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2020-2021: When the Music Almost Died

Let’s face it—the COVID-19 pandemic during 2020 and 2021 was awful for authors who depended on book tours and personal appearances that bookstores and other venues canceled.


The disruption reminded me of the classic Don McLean song “American Pie,” which chronicles a changing music world in the 1960s with the haunting repeating line about “the day the music died.”


There are signs from late 2021 that next year may be better for some authors who adapt to change. Many authors I follow have shifted to online book promotion techniques that some will continue to emphasize. The mechanisms include interviews with news media and podcasters and bloggers, live Zoom sessions hosted by bookstores and book clubs and schools, creating videos for social media, and revisiting reliable techniques such as newsletters.


Financial analyst and author Andrew Hallam, with hundreds of personal appearances before 2020-2021, is lining up dozens of interviews with news media and podcasters to promote the January 2022 release of his fourth book while waiting for events to resume and travel restrictions to ease. The February 2021 newsletter of novelist Talia Carner from New York discussed a future with limited travel in which she began connecting with followers in more than 100 Zoom sessions.


Memoirist Edie Littlefield Sundby from San Diego resurrected her Facebook author page to refocus on short videos of her walking the 1,600-mile mission trail from Loreto, Mexico, to Sonoma, California. Freelance writer and blogger Deborah Kalb from the Washington DC area launched her latest children’s book with a live Zoom session hosted by the leading independent bookstore in the city. Maud Newton from New York, recognized for her literary blog, doubled down on the Substack subscription platform to help promote the March 2022 release of her first book.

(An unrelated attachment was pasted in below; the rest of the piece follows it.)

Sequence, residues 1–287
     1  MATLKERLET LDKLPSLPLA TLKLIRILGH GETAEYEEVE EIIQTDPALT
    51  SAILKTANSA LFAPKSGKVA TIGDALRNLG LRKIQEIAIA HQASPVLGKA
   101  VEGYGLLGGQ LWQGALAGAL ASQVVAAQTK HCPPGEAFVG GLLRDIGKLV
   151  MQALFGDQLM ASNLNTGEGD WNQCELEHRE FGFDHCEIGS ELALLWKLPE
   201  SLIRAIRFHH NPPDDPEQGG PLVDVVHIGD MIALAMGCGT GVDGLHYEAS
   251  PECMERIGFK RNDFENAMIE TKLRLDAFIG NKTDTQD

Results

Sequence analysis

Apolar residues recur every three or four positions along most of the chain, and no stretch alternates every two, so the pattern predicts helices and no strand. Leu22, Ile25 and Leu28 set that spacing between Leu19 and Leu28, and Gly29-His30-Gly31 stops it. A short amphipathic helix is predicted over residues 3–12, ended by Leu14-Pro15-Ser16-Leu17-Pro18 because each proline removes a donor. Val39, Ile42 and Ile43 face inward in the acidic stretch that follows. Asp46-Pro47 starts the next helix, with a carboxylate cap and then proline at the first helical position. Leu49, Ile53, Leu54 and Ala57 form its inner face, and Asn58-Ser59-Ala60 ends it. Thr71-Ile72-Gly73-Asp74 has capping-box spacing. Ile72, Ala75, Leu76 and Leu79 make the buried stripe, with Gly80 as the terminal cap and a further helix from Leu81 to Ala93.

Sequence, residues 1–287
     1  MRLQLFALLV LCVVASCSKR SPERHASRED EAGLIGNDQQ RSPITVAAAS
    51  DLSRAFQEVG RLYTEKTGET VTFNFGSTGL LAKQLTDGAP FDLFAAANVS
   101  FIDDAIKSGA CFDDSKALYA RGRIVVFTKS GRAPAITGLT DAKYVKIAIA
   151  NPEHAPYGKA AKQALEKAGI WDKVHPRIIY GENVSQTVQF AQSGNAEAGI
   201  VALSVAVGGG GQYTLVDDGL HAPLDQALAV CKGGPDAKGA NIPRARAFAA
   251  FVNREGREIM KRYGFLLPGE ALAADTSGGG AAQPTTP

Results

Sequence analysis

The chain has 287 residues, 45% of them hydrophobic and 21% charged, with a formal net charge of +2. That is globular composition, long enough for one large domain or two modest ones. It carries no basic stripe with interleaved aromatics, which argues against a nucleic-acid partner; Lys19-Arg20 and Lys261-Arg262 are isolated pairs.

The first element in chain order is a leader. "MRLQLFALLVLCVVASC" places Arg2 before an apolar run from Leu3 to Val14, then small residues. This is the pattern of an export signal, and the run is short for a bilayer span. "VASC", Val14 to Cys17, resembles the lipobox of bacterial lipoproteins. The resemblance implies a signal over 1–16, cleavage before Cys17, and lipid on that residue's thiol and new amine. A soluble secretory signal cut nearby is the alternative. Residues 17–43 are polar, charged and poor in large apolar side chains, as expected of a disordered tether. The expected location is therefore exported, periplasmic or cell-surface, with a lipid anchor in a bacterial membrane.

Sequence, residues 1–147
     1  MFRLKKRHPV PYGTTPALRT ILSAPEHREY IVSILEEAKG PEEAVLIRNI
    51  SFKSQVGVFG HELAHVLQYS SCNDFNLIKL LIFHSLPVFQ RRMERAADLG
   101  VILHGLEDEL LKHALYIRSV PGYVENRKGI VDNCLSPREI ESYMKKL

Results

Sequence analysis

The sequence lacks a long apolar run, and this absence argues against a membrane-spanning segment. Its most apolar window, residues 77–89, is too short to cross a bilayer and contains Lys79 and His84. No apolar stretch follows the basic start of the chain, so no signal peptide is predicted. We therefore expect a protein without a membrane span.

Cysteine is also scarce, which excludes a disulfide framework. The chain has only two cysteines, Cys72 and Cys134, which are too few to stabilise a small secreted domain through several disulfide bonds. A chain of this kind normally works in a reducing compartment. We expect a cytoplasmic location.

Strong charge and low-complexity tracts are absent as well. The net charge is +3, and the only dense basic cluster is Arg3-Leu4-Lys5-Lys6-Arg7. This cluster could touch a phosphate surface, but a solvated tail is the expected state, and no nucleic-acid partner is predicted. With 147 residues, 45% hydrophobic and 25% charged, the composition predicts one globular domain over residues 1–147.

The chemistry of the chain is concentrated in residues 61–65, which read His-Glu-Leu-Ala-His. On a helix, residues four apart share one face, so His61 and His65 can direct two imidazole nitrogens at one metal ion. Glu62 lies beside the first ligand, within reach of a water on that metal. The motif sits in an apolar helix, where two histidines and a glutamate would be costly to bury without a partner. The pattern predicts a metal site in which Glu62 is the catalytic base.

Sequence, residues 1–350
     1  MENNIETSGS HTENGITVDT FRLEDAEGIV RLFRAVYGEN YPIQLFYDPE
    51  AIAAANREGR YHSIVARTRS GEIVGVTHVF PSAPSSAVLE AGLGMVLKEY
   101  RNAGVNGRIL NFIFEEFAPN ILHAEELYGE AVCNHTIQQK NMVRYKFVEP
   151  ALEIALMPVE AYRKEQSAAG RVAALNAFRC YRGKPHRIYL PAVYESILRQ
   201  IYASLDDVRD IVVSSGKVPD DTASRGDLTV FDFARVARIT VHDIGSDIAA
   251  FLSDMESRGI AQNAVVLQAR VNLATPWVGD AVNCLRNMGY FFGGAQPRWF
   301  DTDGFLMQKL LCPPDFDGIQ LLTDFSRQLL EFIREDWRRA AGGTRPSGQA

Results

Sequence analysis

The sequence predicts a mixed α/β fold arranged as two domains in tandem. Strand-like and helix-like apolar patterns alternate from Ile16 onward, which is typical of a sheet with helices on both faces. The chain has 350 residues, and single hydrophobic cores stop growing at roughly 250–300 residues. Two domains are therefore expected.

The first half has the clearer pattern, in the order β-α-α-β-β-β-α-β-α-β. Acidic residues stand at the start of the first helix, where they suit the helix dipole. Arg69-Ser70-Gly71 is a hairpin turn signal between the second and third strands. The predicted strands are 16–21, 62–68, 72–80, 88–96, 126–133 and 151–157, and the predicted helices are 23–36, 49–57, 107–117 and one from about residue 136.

A few book venues I know have resumed in-person activities. In early December, a southern California writers group where I’m an online member held its first in-person event since March of 2020. Here in Mexico, the annual Guadalajara international book festival returned in late November after being sidelined in 2020. This fall, the 30-year-old writers’ group at Lake Chapala resumed in-person events twice a month after a year-long suspension. I’m guessing there are many other examples.


The overall sense I get is that 2022 offers hope to authors if they keep writing and combine online promotion with limited personal appearances to minimize the risks of COVID infection.


In the parallel universe of music, it’s noteworthy that Mick Jagger and The Rolling Stones resumed touring in the fall of 2021 after suspending their tour in 2020. Author and marketing guru Mark Schaefer, with several books and more than 3,000 blog posts, says maybe the DNA of “content creators” including him and Jagger and other musicians and authors is what drives them even if they are aging and don’t need the money: What I’m beginning to realize is that maybe creating content becomes existential. Just like the Stones. Maybe this is what I was meant to do, part of who I AM now.”